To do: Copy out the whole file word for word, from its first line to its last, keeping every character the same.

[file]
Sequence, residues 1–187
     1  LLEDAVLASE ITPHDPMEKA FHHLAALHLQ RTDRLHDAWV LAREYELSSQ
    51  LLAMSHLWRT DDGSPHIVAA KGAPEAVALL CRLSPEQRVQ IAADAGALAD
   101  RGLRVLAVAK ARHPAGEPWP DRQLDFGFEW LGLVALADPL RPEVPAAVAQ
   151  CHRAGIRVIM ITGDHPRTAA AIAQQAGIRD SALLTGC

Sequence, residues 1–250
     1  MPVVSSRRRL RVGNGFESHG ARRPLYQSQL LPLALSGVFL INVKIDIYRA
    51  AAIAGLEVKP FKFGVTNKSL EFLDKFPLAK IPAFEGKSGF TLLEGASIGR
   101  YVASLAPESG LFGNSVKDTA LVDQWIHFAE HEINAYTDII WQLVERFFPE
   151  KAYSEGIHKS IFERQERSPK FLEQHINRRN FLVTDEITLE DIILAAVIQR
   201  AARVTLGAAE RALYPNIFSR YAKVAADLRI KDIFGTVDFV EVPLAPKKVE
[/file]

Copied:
Sequence, residues 1–187
     1  LLEDAVLASE ITPHDPMEKA FHHLAALHLQ RTDRLHDAWV LAREYELSSQ
    51  LLAMSHLWRT DDGSPHIVAA KGAPEAVALL CRLSPEQRVQ IAADAGALAD
   101  RGLRVLAVAK ARHPAGEPWP DRQLDFGFEW LGLVALADPL RPEVPAAVAQ
   151  CHRAGIRVIM ITGDHPRTAA AIAQQAGIRD SALLTGC

Sequence, residues 1–250
     1  MPVVSSRRRL RVGNGFESHG ARRPLYQSQL LPLALSGVFL INVKIDIYRA
    51  AAIAGLEVKP FKFGVTNKSL EFLDKFPLAK IPAFEGKSGF TLLEGASIGR
   101  YVASLAPESG LFGNSVKDTA LVDQWIHFAE HEINAYTDII WQLVERFFPE
   151  KAYSEGIHKS IFERQERSPK FLEQHINRRN FLVTDEITLE DIILAAVIQR
   201  AARVTLGAAE RALYPNIFSR YAKVAADLRI KDIFGTVDFV EVPLAPKKVE